Comments (74) Join the discussion on the forum

  • woppum 29 Nov 2009

    well the new one certainly is. the one back from 2006 might not be?xmas

  • cayman-black 29 Nov 2009

    Heres my view i think the turbo is quicker to 100 than the z06,and i hope it is, and a better drive. finger crossed as i love them!

  • polar8 28 Nov 2009

    ponkyporky said:
    The whole thing is flawed mathematics. I expect everyone is bored with the exercise anyway but here's my bit.

    To get one thing straight, the assumption that the speed involved is the average of the start speed (always zero) and the terminal velocity added together and halved is incorrect. As everyone knows acceleration is not linear.

    The correct formula for distance travelled is simply:

    Distance covered = Avergage speed X time. Note: average speed is unlikely to be in any car the: start speed + final speed / 2

    As acceleration is far faster in the lower gears you spend much less time doing the lower speeds, the average speed will be biased far closer to the terminal velocity than zero. So it can never be the two added together divide 2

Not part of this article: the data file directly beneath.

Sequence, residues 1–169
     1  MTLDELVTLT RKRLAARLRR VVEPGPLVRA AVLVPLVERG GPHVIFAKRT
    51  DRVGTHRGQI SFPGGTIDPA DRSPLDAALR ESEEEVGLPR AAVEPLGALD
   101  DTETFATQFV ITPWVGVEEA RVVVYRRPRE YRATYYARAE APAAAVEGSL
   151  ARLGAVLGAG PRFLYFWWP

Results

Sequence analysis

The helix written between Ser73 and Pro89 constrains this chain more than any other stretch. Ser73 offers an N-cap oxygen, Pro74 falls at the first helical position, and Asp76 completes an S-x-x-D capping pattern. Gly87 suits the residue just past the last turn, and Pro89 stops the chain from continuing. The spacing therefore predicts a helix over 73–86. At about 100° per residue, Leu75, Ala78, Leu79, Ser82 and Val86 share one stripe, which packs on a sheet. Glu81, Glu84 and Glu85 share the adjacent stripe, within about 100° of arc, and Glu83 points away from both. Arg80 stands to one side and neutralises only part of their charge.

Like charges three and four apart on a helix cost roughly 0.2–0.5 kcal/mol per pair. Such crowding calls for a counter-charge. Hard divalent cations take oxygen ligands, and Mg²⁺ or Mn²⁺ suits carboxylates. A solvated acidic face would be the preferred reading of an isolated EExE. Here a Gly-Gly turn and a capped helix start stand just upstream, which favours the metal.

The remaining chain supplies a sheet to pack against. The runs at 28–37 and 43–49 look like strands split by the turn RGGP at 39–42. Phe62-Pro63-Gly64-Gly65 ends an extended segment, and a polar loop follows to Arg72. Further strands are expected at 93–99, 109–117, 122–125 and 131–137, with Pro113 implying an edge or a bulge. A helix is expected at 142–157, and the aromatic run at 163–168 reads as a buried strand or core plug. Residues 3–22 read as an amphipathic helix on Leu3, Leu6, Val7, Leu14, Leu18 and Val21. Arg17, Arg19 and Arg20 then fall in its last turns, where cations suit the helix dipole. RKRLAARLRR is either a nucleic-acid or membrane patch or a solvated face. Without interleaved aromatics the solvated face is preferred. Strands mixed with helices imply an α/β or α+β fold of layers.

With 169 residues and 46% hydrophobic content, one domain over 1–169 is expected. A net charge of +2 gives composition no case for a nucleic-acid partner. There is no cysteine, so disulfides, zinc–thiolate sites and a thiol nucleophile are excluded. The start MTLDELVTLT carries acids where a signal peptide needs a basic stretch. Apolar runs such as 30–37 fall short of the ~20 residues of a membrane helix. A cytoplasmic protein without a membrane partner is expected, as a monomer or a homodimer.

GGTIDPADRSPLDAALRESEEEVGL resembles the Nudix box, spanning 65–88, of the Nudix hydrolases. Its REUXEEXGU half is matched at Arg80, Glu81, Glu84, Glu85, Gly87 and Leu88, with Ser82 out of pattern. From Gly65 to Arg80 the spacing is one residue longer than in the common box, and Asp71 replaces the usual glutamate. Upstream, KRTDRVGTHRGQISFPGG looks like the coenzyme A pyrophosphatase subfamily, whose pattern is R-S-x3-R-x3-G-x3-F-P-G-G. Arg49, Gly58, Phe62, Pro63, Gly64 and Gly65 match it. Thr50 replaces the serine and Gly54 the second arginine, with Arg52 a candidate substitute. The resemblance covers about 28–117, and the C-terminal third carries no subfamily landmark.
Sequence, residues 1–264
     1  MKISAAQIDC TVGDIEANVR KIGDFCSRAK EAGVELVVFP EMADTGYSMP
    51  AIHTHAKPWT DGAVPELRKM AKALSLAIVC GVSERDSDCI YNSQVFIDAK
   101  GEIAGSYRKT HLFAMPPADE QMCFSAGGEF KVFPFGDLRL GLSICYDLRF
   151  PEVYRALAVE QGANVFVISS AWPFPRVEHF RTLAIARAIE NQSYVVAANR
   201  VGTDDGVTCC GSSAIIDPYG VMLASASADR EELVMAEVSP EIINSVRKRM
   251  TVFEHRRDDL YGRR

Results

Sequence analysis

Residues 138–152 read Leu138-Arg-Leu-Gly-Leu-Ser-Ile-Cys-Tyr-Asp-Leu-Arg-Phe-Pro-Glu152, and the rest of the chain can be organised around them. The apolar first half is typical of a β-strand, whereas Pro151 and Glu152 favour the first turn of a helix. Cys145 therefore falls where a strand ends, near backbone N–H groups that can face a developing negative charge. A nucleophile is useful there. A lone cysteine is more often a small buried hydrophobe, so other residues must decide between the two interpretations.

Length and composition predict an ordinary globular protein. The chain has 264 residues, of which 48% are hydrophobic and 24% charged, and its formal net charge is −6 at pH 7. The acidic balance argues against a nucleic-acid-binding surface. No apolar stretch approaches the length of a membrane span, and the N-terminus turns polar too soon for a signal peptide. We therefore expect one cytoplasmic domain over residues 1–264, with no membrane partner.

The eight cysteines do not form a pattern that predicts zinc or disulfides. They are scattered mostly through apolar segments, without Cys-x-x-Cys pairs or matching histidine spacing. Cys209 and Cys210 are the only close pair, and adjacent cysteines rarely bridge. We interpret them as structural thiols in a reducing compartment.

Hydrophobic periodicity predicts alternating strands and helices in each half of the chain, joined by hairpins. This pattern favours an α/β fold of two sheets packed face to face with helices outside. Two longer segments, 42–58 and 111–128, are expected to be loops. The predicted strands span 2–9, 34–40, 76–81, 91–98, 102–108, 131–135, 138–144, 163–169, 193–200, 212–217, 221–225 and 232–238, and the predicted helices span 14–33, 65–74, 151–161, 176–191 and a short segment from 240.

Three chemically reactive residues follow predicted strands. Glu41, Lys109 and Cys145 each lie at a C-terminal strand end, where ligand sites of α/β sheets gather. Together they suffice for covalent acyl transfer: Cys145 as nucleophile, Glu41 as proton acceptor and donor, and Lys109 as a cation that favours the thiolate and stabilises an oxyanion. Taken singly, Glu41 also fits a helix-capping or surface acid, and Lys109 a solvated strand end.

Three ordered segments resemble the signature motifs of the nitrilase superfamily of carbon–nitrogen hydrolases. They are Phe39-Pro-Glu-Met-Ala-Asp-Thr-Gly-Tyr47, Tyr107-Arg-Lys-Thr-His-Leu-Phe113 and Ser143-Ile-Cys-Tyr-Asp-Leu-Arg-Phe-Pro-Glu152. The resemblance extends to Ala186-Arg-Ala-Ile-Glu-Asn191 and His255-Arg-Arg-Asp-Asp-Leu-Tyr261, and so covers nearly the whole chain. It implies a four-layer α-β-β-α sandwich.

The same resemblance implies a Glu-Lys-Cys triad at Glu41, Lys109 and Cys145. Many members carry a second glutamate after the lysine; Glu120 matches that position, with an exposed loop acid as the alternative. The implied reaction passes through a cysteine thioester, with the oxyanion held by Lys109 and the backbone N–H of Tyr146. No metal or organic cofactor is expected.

taken to the extreme to illustrate:

    A. - If I had one real special space age drag car that gets to 59mph in 0,1 sec flat then spends 3,9 secs finding the next 1 mile and hour to get to sixty. Its average speed will tend towards being very close to 59 mph and it will have covered a lot of ground in 4 sec. (actual ground covered if ave taken as 59 mph is = 59 miles X 4/3600 = 0.06555 miles or 105 metres (at roughly 1600 metres a mile).

    B. - Is a rocket it hardly moves for the first 3,9 secs while the fuse burns and it inches forward at barely 1 mile an hour, but in the last tenth of a second it ignites hurtling the rocket car to 60mph in 0.1 secs getting it also to 60 mph at the tick of the 4th second whereafter a parachute opens and it is restrained at 60mph. for 39/40th's of the time this car did vertually no distance at all before shooting to 60mph and no further just in a tenth of a second time for the 4 second to apply. Distance covered equals ave speed times time. the average speed over the 4 sec's would be about 1.5 MPH if the rest of the time it was virtually still apart from the final tenth of a seconds squirt to 60 this would give a distance covered of 0.01666 or 2.6 metres, pretty impressive lurch to its terminal velocity! i can feel a nose bleed coming on.

    Clearly A had convex aceleration and the rocket was concave (flat before becoming exponetial). One spent a lot of time at a good speed therefore covering a lot of distance the other fizzed then popped for a mere moment. To calculate distance you need to understand the rate of change of velocity, commonly known as acceleration (acceleration is the first derivetive of velocity for calculus buffs).

    For distance covered immediate acceleration good, late acceleration bad. As the one will produce a higher average speed over the same time frame even though the terminal velocities may end up the same.